Does Barry Manilow even know of the Rickroll? If so, he didn’t let on in this Billboard interview:
Among the most novel efforts on “Eighties” is Rick Astley’s 1988 No. 1 “Never Gonna Give You Up.” “It has the catchiest little melody, with production from Stock, Aiken and Waterman. How do you compete with that?” asks Manilow, who called on producer Michael Lloyd (the “Dirty Dancing” soundtrack) for assistance. “I think it’s going to stand out on the album.”
The article singles out “Never Gonna Give You Up” for its “novelty,” but Manilow is talking about how he’s going to make his own arrangement stand out from original. Is he playing dumb? Is he ignorantly standing by while his puppet masters at the record company exploit him to cash in on the Rickrolling Internet joke?
No one can be certain, but it’s not entirely out of the realm of possibility that Manilow chose this song unironically and outside of the Rickrolling context. Rickrolling, after all, is far less well known than one might at first think. In an informal polling of several of my coworkers, all in their 20’s and 30’s, less than 1/3 knew what a Rickroll was, but most knew of “Never Gonna Give You Up” just as a fun 80’s song. In other words, they liked it unironically.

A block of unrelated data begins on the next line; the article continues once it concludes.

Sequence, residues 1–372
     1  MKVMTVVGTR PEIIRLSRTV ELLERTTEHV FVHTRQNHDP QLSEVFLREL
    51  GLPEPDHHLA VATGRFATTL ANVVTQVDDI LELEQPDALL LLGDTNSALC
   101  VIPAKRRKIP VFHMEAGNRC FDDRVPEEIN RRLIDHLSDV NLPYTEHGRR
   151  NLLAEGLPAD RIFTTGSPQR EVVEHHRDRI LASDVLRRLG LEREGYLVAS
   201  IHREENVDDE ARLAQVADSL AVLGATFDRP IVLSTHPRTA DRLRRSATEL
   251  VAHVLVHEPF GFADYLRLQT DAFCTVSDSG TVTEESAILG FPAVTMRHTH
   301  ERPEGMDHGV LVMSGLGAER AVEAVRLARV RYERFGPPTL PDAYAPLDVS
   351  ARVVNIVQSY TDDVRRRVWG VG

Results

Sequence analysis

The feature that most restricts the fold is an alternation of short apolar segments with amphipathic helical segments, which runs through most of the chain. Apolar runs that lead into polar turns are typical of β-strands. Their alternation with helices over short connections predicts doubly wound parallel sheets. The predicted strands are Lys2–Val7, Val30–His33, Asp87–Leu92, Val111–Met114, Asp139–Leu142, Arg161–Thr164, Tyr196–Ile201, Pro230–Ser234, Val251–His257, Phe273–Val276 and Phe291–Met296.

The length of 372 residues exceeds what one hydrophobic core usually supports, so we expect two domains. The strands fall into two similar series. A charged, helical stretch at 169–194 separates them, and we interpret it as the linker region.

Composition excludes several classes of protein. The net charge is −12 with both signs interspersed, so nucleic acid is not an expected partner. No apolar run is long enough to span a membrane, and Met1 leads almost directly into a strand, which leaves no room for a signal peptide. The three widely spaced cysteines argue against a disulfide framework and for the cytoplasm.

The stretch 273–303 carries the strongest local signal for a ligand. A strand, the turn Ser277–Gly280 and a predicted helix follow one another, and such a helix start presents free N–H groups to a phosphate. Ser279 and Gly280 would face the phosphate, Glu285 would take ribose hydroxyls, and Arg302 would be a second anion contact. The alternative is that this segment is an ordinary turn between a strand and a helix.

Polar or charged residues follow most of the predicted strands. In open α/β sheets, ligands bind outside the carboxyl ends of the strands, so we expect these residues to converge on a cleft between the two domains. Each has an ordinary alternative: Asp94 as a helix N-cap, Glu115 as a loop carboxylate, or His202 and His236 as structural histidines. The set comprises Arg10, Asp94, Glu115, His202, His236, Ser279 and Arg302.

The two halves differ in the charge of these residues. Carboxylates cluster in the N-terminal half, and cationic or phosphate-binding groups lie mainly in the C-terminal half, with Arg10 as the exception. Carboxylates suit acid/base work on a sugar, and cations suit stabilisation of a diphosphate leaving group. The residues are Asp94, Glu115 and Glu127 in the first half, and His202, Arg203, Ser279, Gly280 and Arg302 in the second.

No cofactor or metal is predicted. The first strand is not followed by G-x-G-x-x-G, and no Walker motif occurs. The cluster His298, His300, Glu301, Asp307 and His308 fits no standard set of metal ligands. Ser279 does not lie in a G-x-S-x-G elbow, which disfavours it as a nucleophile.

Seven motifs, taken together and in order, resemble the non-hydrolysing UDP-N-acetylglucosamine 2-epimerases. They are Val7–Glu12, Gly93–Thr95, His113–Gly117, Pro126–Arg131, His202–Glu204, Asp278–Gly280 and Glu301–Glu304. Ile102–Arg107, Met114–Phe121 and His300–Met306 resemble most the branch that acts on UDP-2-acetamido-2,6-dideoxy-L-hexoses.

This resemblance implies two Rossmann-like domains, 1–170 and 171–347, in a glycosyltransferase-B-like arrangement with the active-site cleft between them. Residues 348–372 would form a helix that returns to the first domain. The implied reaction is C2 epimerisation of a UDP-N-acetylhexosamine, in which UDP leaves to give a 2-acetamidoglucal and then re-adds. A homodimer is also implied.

So, really, how well known is the Rickroll? For all the hype, I think it’s merely a minor Intenet meme. Disagree? Is your office more hip to Internet trends than mine? Discuss in the comments.